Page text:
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The report also noted that eight of the 10 most dangerous places to be born are in sub-Saharan Africa.
Nigeria ranked 13th country with the largest number of newborn deaths in 2016 with 247 deaths in 1,000 and accounted for nine per cent of share of all global newborn deaths.
Countries with the highest newborn mortality rates are Pakistan – 1 in 22, Central African Republic – 1 in 24, Afghanistan – 1 in 25, Somalia – 1 in 26, Lesotho – 1 in 26, Guinea-Bissau – 1 in 26, South Sudan – 1 in 26, Côte d’Ivoire – 1 in 27, Mali – 1 in 28 and Chad – 1 in 28.
In these countries, pregnant women are much less likely to receive assistance during delivery due to poverty, conflict and weak institutions.
“Every year, 2.6 million newborns around the world do not survive their first month of life. One million of them die the day they are born.
“We know we can save the vast majority of these babies with affordable, quality health care solutions for every mother and every newborn.
“Just a few small steps from all of us can help ensure the first small steps of each of these young lives.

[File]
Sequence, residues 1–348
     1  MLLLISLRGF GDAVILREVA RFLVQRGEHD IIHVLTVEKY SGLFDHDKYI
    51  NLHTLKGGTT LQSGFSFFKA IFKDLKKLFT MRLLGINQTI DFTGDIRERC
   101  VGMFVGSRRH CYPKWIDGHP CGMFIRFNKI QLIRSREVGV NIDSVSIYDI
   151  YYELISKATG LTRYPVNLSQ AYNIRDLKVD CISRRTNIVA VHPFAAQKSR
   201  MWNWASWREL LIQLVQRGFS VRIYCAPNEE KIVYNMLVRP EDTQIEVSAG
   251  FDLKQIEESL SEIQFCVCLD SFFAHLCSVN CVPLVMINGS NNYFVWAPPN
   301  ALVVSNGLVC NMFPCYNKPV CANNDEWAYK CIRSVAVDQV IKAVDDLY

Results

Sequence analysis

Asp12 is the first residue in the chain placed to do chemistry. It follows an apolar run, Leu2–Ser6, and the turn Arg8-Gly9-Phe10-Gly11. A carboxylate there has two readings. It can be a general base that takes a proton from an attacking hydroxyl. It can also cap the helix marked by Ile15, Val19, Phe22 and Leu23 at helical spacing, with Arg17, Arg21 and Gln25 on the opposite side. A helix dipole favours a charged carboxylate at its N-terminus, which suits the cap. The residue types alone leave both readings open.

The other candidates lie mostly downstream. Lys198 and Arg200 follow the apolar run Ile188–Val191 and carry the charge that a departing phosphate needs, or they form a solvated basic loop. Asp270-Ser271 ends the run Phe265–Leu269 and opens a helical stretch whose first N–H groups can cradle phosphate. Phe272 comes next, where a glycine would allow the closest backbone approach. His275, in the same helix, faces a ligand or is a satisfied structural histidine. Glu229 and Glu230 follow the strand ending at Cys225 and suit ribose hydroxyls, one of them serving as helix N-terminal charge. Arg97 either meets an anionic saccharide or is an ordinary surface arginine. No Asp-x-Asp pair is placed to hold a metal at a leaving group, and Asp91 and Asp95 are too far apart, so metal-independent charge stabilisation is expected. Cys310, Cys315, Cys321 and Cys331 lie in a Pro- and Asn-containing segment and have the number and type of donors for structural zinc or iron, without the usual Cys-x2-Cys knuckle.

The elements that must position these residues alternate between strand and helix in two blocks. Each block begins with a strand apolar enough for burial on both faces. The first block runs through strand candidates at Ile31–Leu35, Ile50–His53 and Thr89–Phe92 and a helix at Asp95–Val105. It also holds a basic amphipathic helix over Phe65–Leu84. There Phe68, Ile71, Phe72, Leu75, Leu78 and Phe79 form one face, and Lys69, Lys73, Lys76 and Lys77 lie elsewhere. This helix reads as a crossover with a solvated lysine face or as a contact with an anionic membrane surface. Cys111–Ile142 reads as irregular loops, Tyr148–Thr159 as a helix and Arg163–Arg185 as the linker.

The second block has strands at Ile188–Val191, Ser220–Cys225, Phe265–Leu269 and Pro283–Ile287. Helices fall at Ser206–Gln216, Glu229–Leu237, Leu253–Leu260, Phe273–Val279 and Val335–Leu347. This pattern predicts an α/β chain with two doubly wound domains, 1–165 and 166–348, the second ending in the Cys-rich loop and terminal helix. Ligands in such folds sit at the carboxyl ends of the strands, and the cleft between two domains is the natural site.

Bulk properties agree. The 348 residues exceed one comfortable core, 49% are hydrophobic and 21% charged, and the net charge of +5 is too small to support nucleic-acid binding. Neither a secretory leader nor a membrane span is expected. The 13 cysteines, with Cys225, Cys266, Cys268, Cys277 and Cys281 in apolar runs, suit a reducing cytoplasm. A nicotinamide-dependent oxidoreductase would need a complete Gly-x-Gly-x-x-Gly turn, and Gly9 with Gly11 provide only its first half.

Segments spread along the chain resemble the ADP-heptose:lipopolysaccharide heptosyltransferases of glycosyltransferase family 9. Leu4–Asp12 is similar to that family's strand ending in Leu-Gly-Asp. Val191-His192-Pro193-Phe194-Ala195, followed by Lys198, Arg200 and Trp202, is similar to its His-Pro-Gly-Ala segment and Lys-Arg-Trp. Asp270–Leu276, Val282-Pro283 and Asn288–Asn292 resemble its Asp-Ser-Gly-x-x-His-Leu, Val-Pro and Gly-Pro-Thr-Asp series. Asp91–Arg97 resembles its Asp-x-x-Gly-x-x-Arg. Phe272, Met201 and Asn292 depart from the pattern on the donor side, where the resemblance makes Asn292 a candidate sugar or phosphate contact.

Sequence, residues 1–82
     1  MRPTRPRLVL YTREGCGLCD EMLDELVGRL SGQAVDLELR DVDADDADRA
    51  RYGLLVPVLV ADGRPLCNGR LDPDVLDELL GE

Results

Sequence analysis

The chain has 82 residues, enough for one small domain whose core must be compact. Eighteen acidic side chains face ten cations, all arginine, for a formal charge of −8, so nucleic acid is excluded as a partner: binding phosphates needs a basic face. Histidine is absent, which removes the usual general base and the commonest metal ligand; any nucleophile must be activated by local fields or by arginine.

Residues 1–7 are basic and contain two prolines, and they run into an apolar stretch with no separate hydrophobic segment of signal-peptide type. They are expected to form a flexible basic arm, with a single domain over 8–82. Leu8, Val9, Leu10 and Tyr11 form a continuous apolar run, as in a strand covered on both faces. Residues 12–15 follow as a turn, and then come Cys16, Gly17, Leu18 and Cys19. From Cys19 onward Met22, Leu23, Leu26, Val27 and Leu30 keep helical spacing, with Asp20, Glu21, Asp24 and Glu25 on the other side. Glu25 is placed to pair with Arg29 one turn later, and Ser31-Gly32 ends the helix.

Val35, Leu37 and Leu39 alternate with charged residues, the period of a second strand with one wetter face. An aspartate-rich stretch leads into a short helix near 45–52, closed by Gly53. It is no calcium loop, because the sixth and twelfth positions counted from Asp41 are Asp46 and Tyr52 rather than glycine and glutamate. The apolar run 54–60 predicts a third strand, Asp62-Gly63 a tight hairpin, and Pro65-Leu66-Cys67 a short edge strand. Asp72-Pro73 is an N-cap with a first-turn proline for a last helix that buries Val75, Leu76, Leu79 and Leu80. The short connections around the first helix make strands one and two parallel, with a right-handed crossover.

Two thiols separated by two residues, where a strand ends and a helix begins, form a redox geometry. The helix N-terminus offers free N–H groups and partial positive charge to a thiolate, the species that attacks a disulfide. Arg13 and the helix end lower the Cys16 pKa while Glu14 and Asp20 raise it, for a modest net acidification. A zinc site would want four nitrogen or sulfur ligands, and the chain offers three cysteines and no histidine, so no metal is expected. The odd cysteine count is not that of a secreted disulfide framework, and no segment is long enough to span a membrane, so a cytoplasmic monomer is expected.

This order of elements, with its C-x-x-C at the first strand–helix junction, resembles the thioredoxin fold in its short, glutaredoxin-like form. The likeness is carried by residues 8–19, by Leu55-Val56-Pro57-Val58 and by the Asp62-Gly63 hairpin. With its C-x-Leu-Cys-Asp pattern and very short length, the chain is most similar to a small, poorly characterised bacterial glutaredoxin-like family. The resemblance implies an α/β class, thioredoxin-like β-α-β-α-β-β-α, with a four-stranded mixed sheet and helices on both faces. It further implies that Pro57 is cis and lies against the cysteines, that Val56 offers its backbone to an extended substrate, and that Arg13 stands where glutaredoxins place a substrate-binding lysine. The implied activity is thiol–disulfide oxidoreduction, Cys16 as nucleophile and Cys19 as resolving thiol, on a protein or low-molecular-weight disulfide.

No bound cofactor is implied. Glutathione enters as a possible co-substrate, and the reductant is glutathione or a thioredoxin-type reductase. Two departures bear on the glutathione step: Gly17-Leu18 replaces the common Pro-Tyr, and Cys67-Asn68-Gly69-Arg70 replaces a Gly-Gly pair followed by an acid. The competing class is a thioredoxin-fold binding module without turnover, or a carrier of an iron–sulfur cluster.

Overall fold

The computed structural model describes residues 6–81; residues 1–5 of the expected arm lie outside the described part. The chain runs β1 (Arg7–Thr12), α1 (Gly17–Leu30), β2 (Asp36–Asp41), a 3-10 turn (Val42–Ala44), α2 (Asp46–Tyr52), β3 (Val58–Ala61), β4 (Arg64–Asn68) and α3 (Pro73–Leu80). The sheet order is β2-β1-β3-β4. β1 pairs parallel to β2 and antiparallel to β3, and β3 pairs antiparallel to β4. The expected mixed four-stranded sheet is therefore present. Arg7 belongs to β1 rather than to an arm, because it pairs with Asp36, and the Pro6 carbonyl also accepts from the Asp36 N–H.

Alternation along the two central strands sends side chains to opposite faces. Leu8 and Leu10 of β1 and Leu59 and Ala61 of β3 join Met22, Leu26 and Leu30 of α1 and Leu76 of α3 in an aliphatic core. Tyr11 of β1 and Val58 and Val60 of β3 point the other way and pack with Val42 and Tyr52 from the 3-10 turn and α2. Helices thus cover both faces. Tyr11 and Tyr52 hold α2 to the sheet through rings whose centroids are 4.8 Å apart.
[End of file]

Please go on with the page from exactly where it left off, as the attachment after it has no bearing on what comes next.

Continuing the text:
“Given that the majority of these deaths are preventable, clearly, we are failing the world’s poorest babies,” UNICEF Executive Director Henrietta Fore said.
According to the report, babies born in Japan, Iceland and Singapore have the best chance of survival, while newborns in Pakistan, the Central African Republic and Afghanistan face the worst odds.
UNICEF said globally, in low-income countries, the average newborn mortality rate is 27 deaths per 1,000 births, the report says. In high-income countries, that rate is 3 deaths per 1,000.
The report stated that in Japan, one in 1,111 newborn babies die in the first month of life while in Pakistan, the ratio is one in 22.
It added that if every country brought its newborn mortality rate down to the high-income average by 2030, 16 million lives could be saved.
More than 80 per cent of newborn deaths are due to prematurity, complications during birth or infections such as pneumonia and sepsis, the report said.
The report said deaths could be prevented with access to well-trained midwives, along with proven solutions like clean water, disinfectants, breastfeeding within the first hour, skin-to-skin contact and good nutrition.
However, a shortage of well-trained health workers and midwives means that thousands don’t receive the life-saving support they need to survive, it stressed.
For example, while in Norway there are 218 doctors, nurses and midwives to serve 10,000 people, that ratio is one per 10,000 in Somalia.
This month, UNICEF is launching Every Child ALIVE, a global campaign to demand and deliver solutions on behalf of the world’s newborns.